Retail sales: We expect solid growth from retail sales in April. In addition to the greater possibility of spending and the end of restrictions on the movement of the population, this is also indicated by the growth of consumer confidence. Evidence of increased consumer appetite also includes growing card transactions, which recorded year-on-year growth of less than 20% in April. For this month, we expect an increase in retail sales excluding car sales and repairs (which also reflects the purchases of companies) by a strong 3.4% month-on-month. Given last year's low base effect, this would mean a year-on-year jump of 12%. In the case of car sales, the year-on-year low base effect will be even more pronounced. Here, we expect month-on-month growth of only 0.8%, given weaker car registrations. However, this still corresponds to the extremely high year-on-year rate of 62.8%. We expect year-on-year growth of 28.5% for total retail trade, including the automotive segment. Due to the high pace of the spread of epidemic measures, a strong expansion of retail sales can be expected in the coming months. Already in May, the level of retail sales (excluding car sales) could be higher than before the pandemic. Our April forecast for this year expected retail growth excluding car sales to be around 1%, but the pace of anti-pandemic measures suggests it could be more than 2-3%.
CPI inflation: The reopening of the economy brings price fluctuations. In May, measures were further relaxed, including services, which may have a significant impact on price developments. Already in April, it brought an average month-on-month increase of 0.5%, while the market expected 0.2%. In May, we expect only a slight increase in prices at gas stations and a similar increase in food prices. A smaller increase in prices could be observed for tobacco and alcohol. However, a key issue is the development of core inflation, which reflects the evolution of items in most consumer baskets, especially services, where anecdotal evidence points to a rise in prices after services such as restaurants and hairdressers have reopened. To some extent, this effect can be compared with previous pandemic measures disintegrations, but the uncertainty of the estimated development is high. We anticipate that core prices rose 0.5% month-on-month in May and year-on-year core inflation slowed to 3.2% from a previous rate of 3.4%. For headline inflation, this would mean a further slight acceleration to 3.2% from the previous 3.1%. We believe that in the case of month-on-month dynamics, inflation will be at its peak in the period from May to July. In that case, annual inflation could fall slightly in June but still remain close to 3.0% in the second half of the year. The inflation result for May could provide important guidance for the CNB's June decision on rates. Although the CNB can do nothing with current inflation, the argument may be the effect on inflation expectations.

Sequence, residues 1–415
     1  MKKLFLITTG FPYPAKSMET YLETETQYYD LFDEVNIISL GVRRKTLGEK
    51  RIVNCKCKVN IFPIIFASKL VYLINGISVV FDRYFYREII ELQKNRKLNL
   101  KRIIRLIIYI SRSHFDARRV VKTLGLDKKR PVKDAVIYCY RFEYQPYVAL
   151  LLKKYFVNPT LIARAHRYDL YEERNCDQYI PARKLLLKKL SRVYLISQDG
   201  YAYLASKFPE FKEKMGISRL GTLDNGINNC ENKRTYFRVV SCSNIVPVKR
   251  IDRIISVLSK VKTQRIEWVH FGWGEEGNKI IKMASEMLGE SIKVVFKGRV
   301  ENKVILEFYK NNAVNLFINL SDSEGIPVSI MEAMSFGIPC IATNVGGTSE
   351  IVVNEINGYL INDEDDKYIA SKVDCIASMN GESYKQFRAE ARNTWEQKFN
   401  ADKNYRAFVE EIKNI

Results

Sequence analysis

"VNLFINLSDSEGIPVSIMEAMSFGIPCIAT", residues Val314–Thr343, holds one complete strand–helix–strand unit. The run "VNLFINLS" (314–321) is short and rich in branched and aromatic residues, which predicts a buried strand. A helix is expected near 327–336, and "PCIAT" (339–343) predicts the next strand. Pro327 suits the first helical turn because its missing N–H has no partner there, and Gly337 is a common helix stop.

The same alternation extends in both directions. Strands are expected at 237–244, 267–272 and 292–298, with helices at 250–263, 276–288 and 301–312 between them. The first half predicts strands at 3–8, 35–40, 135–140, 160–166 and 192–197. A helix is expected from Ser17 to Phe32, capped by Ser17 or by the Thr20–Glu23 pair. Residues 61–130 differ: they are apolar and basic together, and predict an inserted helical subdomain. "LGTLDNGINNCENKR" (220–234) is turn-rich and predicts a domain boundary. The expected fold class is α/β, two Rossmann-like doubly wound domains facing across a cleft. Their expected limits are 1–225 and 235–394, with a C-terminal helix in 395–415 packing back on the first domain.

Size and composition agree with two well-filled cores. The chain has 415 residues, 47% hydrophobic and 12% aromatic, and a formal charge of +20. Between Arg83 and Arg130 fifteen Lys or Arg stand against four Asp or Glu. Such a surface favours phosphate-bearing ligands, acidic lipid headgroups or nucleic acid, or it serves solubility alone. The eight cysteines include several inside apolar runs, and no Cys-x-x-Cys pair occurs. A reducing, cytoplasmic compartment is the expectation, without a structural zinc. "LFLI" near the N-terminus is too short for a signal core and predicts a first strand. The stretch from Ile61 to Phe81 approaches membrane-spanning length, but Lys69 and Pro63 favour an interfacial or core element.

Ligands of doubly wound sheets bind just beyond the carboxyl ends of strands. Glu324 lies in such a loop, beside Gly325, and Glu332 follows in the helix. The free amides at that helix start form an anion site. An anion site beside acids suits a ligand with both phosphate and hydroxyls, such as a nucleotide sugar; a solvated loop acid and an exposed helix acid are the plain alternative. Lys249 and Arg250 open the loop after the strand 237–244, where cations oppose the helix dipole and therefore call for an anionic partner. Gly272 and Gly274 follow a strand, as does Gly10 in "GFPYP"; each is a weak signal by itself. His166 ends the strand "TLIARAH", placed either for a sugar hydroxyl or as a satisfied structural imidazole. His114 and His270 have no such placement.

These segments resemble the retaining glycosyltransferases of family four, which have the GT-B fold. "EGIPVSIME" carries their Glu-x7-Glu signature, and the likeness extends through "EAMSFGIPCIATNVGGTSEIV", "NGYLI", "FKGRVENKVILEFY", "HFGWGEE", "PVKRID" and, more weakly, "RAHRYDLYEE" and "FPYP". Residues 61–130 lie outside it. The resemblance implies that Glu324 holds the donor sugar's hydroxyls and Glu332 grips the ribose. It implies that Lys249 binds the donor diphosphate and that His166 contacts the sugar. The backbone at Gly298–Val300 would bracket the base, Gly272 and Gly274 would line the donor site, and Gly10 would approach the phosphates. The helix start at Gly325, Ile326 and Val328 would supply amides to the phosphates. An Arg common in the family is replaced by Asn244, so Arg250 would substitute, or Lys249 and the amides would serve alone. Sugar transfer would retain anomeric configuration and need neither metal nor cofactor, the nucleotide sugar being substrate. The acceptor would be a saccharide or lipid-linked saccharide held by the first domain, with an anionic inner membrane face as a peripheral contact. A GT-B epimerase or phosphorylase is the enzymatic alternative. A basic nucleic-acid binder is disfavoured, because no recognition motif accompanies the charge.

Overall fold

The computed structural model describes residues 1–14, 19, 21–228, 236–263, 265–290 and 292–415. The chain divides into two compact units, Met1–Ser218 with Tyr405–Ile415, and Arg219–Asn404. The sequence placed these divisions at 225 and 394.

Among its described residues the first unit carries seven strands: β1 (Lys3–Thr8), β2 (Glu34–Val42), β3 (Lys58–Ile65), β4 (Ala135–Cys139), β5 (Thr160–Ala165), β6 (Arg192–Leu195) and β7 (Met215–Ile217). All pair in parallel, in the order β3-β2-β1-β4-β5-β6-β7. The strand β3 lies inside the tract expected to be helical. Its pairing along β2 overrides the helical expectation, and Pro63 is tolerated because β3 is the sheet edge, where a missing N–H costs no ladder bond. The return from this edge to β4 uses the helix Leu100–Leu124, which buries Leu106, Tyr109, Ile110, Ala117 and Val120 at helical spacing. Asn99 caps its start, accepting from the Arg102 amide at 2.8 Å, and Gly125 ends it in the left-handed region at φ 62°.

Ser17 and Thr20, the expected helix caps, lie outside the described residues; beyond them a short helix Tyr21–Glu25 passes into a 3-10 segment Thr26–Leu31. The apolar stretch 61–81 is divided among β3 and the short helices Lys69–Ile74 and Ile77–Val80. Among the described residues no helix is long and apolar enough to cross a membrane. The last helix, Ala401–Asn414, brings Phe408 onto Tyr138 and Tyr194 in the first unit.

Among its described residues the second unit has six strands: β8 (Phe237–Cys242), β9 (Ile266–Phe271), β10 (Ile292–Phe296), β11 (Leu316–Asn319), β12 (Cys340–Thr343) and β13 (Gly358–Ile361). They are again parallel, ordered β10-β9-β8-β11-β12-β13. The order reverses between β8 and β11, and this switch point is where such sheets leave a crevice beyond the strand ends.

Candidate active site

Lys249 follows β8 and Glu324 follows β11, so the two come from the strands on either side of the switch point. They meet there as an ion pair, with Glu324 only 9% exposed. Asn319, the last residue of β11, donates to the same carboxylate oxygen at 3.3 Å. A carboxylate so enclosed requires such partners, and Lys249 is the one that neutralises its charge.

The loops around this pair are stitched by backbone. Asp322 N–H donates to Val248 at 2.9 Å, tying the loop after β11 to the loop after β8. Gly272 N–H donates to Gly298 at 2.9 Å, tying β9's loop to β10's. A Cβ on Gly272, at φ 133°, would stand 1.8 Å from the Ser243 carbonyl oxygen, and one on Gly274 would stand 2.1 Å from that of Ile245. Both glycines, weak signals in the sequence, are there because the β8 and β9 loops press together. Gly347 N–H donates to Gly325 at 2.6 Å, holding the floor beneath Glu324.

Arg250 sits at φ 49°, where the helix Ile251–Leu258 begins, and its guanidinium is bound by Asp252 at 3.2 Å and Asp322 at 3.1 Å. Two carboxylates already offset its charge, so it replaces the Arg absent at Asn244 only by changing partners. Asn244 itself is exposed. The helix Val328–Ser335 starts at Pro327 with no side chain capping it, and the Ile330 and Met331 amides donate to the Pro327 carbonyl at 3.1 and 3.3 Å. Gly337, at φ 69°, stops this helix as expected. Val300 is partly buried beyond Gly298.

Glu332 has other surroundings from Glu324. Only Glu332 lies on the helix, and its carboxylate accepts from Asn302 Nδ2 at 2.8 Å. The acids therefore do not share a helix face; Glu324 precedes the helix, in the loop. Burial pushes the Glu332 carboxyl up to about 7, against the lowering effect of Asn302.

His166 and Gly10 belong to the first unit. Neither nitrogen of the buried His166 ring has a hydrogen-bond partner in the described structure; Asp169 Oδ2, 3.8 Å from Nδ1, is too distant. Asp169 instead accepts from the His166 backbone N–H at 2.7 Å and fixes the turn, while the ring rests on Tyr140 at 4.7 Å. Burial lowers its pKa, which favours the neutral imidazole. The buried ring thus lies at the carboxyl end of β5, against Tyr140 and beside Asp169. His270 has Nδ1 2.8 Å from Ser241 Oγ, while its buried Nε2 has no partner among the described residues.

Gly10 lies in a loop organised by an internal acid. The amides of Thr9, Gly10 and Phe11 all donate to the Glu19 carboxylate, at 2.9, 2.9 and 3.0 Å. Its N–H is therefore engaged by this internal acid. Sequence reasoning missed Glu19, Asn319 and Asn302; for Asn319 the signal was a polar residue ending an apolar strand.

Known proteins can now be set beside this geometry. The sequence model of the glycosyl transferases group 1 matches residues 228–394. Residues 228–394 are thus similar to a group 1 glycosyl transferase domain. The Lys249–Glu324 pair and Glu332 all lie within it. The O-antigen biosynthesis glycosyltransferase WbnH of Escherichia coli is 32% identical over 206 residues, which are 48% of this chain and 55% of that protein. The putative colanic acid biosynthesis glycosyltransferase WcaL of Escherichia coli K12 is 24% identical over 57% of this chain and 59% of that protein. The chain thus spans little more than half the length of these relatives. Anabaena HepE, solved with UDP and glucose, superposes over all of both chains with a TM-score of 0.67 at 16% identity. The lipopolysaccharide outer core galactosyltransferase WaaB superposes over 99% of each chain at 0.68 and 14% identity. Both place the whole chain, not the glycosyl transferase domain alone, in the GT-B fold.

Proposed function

Czech National Bank: We expect the Czech National Bank (CNB) to make the first rate hike in August, but there is a risk of an earlier June increase. With the improving epidemic situation and higher vaccination rate of the population, the CNB board speaks more optimistically, thanks to which the money market is now mostly betting on interest rates being raised as early as June. Central bankers have been cautious, saying they would rather delay than rush policy tightening. We therefore think they will prefer to wait for the new CNB forecast and monthly indicators confirming an economic rebound. The exchange rate of the koruna, being about 1% stronger to the euro than the CNB expected, plays an important role, as well. The first hike in the key repo rate by 25bp in August is likely to kick off the gradual normalisation of monetary policy, which will come as a result of the recovering economy and continuing tightness on the labour market. We expect a total increase in the repo rate of 50bp this year as a rate hike likely to occur in November. Policy tightening should continue in the next year, with a repo rate of 1.5% at its end.